Young woman who encouraged 18-year-old boyfriend to commit suicide faces a 15-month sentence

A Supreme Judicial Court in Massachusetts has upheld a court ruling on the conviction of a woman named Michelle Carter over the death of her boyfriend, Conrad Roy; this was after she allegedly encouraged the young man to take his life.

According to the judge who made the ruling;

“The evidence against the defendant proved that, by her wanton or reckless conduct, she caused the victim's death by suicide." 


"Her conviction of involuntary manslaughter as a youthful offender is not legally or constitutionally infirm. The judgment is therefore affirmed.” Judge

Michelle was accused of encouraging Roy, her boyfriend to commit suicide in a series of text messages sent to him. The young man later took his life in 2014, and the court believes that there's enough evidence to convict Carter for involuntary manslaughter.

Even though a lower court had already sent her to a jail term of 15 months, Carter had remained free while she tried to appeal her case. But the appeal court has now also ruled against her defense, confirming the previously given sentence.

The court had first said that Michelle was responsible for the death of Roy because she was the one who told him to get into a truck filled with toxic gas. But her lawyers were adamant that she didn't force Roy to make the decision, and the evidence against her was substantial at best.

Roy, barely a month and a half out of a psychiatric hospital had reportedly been on the phone with Carter while he was in his Ford truck. According to evidence obtained by the court, Carter had encouraged Roy to get back in the vehicle while being filled up with carbon monoxide. In a statement received from Michelle herself, the court maintained its position that she had confessed to encouraging Roy to kill himself.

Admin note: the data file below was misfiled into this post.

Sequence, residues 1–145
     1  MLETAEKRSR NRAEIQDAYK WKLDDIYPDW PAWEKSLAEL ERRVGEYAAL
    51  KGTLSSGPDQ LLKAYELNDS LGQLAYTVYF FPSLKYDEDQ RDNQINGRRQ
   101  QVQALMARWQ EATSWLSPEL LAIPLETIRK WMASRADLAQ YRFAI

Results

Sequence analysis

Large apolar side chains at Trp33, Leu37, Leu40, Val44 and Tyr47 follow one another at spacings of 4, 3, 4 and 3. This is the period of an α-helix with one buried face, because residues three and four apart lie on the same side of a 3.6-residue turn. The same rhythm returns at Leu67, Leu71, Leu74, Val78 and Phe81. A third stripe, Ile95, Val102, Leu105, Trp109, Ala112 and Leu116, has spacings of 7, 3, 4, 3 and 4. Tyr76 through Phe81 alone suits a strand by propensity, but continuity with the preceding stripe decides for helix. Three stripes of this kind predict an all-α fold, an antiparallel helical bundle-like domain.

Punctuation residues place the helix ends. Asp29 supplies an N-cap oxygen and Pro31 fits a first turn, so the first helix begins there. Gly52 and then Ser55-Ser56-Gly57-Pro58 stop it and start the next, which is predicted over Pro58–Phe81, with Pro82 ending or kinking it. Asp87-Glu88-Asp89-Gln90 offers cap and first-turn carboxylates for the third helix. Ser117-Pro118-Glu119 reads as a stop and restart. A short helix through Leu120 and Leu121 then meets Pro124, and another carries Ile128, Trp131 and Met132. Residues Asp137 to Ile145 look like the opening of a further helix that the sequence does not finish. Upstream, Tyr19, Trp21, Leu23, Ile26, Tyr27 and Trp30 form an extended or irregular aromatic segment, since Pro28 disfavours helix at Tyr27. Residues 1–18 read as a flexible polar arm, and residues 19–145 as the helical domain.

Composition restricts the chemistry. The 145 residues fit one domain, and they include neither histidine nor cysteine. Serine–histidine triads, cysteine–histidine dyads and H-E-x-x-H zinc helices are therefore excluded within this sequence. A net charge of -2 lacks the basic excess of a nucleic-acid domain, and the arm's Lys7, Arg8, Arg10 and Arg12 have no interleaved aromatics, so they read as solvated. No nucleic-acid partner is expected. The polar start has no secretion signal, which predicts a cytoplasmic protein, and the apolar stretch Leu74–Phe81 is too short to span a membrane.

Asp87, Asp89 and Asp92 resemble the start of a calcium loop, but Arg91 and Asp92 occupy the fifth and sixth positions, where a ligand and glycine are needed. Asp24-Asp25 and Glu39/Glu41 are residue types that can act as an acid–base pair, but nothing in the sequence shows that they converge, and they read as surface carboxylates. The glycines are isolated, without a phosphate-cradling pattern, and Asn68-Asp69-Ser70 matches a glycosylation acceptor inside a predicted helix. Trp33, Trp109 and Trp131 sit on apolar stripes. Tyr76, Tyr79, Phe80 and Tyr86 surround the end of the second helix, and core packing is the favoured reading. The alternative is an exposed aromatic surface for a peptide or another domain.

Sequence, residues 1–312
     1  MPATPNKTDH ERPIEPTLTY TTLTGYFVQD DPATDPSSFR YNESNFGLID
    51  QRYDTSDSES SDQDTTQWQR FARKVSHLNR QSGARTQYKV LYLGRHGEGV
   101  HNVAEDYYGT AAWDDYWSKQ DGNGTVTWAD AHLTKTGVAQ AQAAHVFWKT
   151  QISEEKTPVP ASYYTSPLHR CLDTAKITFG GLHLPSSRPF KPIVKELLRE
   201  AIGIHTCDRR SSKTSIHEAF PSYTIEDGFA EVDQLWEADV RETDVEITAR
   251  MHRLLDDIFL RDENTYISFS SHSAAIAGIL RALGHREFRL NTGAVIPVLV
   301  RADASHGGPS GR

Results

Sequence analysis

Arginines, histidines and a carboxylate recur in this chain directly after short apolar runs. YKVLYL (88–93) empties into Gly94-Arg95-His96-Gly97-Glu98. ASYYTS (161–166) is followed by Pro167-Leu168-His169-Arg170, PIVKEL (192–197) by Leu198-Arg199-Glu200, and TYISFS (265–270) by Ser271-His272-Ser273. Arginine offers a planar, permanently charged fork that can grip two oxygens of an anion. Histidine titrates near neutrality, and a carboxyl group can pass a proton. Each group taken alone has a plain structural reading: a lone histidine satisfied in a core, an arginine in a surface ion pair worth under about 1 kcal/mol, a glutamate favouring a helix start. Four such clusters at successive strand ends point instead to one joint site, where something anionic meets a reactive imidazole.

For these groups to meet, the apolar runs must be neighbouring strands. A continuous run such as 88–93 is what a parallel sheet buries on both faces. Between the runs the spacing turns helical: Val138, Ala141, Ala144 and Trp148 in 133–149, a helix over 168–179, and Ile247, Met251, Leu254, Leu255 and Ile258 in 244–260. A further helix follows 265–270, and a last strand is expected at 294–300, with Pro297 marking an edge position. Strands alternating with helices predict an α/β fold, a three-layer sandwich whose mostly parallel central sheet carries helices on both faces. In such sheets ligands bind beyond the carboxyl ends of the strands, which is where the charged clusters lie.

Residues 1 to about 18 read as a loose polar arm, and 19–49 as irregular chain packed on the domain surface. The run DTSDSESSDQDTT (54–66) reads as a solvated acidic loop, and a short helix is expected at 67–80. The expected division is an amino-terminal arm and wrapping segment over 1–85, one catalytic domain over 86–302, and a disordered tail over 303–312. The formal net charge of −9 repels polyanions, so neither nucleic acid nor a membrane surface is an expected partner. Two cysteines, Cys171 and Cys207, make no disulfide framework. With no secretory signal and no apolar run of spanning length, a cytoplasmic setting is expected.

“As the defendant herself explained, and we repeat due to its importance, `[The victim's] death is my fault like honestly, I could have stopped him I was on the phone with him, and he got out of the [truck] because it was working and he got scared and I f--king told him to get back in,'" - the court noted in its decision.

While Carter’s lawyers sufficiently stated their defense, the prosecutors maintained that she could have stopped the suicide, but instead went ahead to encourage him. Because of this, the Supreme Court upheld the decision of the lower court.  

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